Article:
alcohol, counseling and testing, hepatitis C, prevention and control, screening



  1. Trepka, Mary Jo MD, MSPH
  2. Zhang, Guoyan MD, MPH
  3. Leguen, Fermin MD, MPH
  4. Obiaja, Kenneth MD
  5. Malow, Robert M. PhD
  6. De La Rosa, Mario PhD


Objective: Early benefits and adverse effects of hepatitis C screening among people who screened anti-hepatitis C virus (HCV) positive were investigated.


Methods: Hepatitis screening program records were abstracted to identify the target population and obtain information about hepatitis A and B vaccination (recommended vaccines if anti-HCV positive). Telephone interviews were conducted using a standardized questionnaire with items regarding clients' medical evaluation, behaviors to prevent liver damage and prevent HCV transmission, and adverse effects experienced.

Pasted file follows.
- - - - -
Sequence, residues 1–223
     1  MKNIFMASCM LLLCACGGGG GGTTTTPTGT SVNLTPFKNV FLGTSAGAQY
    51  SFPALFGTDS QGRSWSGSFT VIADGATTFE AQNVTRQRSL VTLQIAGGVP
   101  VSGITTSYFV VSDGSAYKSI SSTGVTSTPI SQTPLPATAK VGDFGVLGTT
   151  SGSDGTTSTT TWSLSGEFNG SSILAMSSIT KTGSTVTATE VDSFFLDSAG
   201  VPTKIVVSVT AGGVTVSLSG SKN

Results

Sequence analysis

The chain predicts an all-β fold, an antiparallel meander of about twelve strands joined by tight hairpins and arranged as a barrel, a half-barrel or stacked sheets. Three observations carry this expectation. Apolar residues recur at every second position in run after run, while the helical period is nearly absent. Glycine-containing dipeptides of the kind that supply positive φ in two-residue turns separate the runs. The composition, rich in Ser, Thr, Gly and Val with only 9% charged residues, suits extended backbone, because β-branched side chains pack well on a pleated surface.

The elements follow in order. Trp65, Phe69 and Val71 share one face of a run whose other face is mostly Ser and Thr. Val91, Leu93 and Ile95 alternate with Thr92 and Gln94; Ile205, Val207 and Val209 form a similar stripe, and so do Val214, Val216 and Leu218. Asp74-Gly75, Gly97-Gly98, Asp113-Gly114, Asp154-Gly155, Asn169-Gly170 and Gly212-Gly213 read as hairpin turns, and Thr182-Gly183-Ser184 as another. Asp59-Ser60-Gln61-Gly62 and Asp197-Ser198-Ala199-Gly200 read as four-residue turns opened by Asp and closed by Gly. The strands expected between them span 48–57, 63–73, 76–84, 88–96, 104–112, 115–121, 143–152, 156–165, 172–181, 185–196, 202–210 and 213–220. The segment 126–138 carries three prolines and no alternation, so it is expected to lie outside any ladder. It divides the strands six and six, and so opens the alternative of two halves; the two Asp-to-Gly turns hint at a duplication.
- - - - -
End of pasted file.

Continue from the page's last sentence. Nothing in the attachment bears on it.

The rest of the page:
Results and Conclusions: Of 269 eligible clients, 147 were susceptible to hepatitis A (IgG negative), and 116 (78.9%) received at least 1 hepatitis A vaccine dose. Of 119 clients susceptible to hepatitis B, 101 (84.9%) received at least one dose of hepatitis B vaccine. Fifty-six (20.8%) were reached by phone, and 44 (78.6%) consented to the interview. All interviewed clients reported one or more positive behaviors to protect their liver or prevent HCV transmission; 51.2 percent reported at least one adverse effect related to knowing their positive anti-HCV status, most commonly difficulty obtaining health insurance; and 86.0 percent reported satisfaction with their decision to be tested. Results suggest that most anti-HCV-positive clients had some benefit from screening, and highlight the need for further studies.